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TSA destined to fail? Insights from former administrator Kip Hawley and why workplace culture is essential

On today’s program for Monday May 21st, 2012

  • The TSA is up against an almost impossible task — protecting more than 2 million travelers each day — but are they up for the task? We talk to the former TSA administrator Kip Hawley.
  • To get the best talent — you need to match google, pixar’s and apple’s community culture.

The chairman of the Nuclear Regulatory Commission has announced he is stepping down after eight years with that organization. 
Gregory B. Jaczko that he will step down when a successor is confirmed.

On Friday we spoke with
 Stan Collendar of Qorvis about the budget challenges in the year ahead, and the uncertainty. As a demonstration of that, the White House is saying that they won’t agree to a debt deal that doesn’t address revenues — raise taxes. The 
New York Times reports that both sides are drawing lines in the sand, suggesting a potential replay of their damaging showdown over the debt ceiling last summer.

The SEVEN stories that impact your life for Monday the 21st th of May, 2012

  1. Despite a threat of veto from the White House the House has cleared a more than six hundred billion dollar defense budget blueprint. The authorization bill is for 2013 and includes more than a half trillion dollars for the Pentagon’s base budget.
Federal News Radio says the bill also includes an $88 billion for the war in Afghanistan and counterterrorism. But the bill might not get far. The president has threatened to veto if the bill goes above spending limits Congress and the White House set last summer.

  2. Included in the House approved Defense Authorization bill is a military pay raise. The bill would give military personnel a 1.7 percent pay raise in 2013, as well as limiting increases to certain prescription drug co-pays under the TRICARE program.
 Government Executive says the Defense authorization legislation rejects the Obama administration’s recommendations to raise premiums for military retirees based on their retirement pay, among other fee hikes.
  3. The Postal Service needs more money, but it may not come from federal customers. The 
General Services Administration is asking agencies to be frugal when it comes to mail. A new GSA bulletin encouraged agencies to use the Postal Service’s flat-rate boxes and envelopes, schedule mail in advance to take advantage of USPS discounts and go electronic whenever possible.
 Federal News Radio says the executive order is geared toward making agencies less wasteful, more efficient and more green prompted the bulletin.

  4. The Obama administration wants to hire more than 20,000 people ages 15-25 for summer jobs in national parks, national forests, wildlife refuges and other public lands.
 Government Executive says 12,000 people will work for the Interior Department and 8,000 will work for the Forest Service within the Agriculture Department. This is a 35% increase in hiring from 2009.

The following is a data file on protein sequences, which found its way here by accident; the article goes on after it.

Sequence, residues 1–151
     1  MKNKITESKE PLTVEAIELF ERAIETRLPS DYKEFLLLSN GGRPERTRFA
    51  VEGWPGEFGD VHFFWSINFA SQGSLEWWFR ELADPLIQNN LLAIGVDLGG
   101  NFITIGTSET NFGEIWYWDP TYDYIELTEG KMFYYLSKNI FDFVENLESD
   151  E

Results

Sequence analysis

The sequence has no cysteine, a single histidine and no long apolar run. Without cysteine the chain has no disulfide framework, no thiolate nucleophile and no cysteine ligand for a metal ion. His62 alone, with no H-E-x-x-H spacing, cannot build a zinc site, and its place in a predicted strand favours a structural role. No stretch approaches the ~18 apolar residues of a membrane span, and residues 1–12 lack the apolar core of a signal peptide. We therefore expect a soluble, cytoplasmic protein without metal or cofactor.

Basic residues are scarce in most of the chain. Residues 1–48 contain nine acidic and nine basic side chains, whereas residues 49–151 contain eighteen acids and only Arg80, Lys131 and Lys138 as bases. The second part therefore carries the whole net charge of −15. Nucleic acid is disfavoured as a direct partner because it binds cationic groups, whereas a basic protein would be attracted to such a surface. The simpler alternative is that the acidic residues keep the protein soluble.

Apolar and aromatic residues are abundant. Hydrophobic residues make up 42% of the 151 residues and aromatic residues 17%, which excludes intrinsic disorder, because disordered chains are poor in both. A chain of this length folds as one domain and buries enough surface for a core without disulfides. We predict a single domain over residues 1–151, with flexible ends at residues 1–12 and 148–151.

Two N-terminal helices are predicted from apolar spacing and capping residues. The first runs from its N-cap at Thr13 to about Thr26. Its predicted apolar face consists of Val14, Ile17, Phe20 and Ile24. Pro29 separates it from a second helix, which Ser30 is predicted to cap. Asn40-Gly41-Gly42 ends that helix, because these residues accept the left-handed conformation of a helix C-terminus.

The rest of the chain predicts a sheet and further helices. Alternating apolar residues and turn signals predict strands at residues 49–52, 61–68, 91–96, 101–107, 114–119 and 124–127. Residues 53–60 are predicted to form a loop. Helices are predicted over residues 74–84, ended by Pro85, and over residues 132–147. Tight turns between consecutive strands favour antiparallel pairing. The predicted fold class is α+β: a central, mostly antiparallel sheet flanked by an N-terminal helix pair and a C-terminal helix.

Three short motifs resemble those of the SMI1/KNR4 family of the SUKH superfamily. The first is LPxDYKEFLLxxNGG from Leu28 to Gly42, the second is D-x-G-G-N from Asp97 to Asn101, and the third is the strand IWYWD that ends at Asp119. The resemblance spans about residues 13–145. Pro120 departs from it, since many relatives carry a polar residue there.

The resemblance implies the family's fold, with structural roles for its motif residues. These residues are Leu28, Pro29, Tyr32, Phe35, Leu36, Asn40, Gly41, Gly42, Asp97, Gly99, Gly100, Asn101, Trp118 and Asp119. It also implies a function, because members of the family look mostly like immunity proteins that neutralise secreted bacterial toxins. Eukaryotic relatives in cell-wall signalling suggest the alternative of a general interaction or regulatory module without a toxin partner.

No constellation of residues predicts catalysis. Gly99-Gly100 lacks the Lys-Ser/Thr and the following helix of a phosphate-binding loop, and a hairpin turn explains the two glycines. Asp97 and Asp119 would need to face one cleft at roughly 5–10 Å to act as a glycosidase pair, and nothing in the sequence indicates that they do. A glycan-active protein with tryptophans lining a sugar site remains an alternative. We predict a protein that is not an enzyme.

5. The current military body armour isn’t protecting women the way it should be — its too big and doesn’t fit their curves. The
 Washington Post reports, the
 House Armed Services Committee has directed the
 Secretary of the Armyto conduct an assessment of whether there’s an “operational need” for gear tailored to women….and in their 2013 Defense Authorization Act they’ve alloted 15 million dollars to develop better gear.

  6. You might not have your fiscal 2013 budget passed yet but the White House and the Office of Management and budget want you thinking about 2014. 
Federal Computer Week says OMB is asking agencies to report their most innovative uses of evidence and evaluation when they draft their new budget blueprints. Plans that demonstrate a strong commitment to the development and use of evidence are more likely to receive funding.
  7. And over on 
GovLoop, we asking you — how do you handle the government – contractor relationship. There are pressures on both sides of the aisle. So how do you improve that relationship while still achieving the best possible outcome? GovLoop member Margaret Sarro says the entire relationship comes down to one-on-one personal connections.

A Few Closing Items:

  • The sophistication of congressional speech-making is on the decline. That according to the open government group the Sunlight Foundation.
 NPR reports the analysis of congressional speech found that lawmakers talk like 10th graders — and that’s a drop of a full grade. The Sunlight Foundation’s graphic is to the below. Click on the image to enlarge it

  • The American Community Survey is a target of Republican cost cutters. The 
New York Times reports that the American Community Survey may be the most important government function you’ve never heard of, and it’s in trouble. This survey of American households has been around in some form since 1850, either as a longer version of or a richer supplement to the basic decennial census. It tells Americans how poor we are, how rich we are, who is suffering, who is thriving, where people work, what kind of training people need to get jobs, what languages people speak, who uses food stamps, who has access to health care, and so on. It is, more or less, the country’s primary check for determining how well the government is doing — and in fact what the government will be doing. The survey’s findings help determine how over $400 billion in government funds is distributed each year. But last week, the Republican-led House voted to eliminate the survey altogether, on the grounds that the government should not be butting its nose into Americans’ homes.

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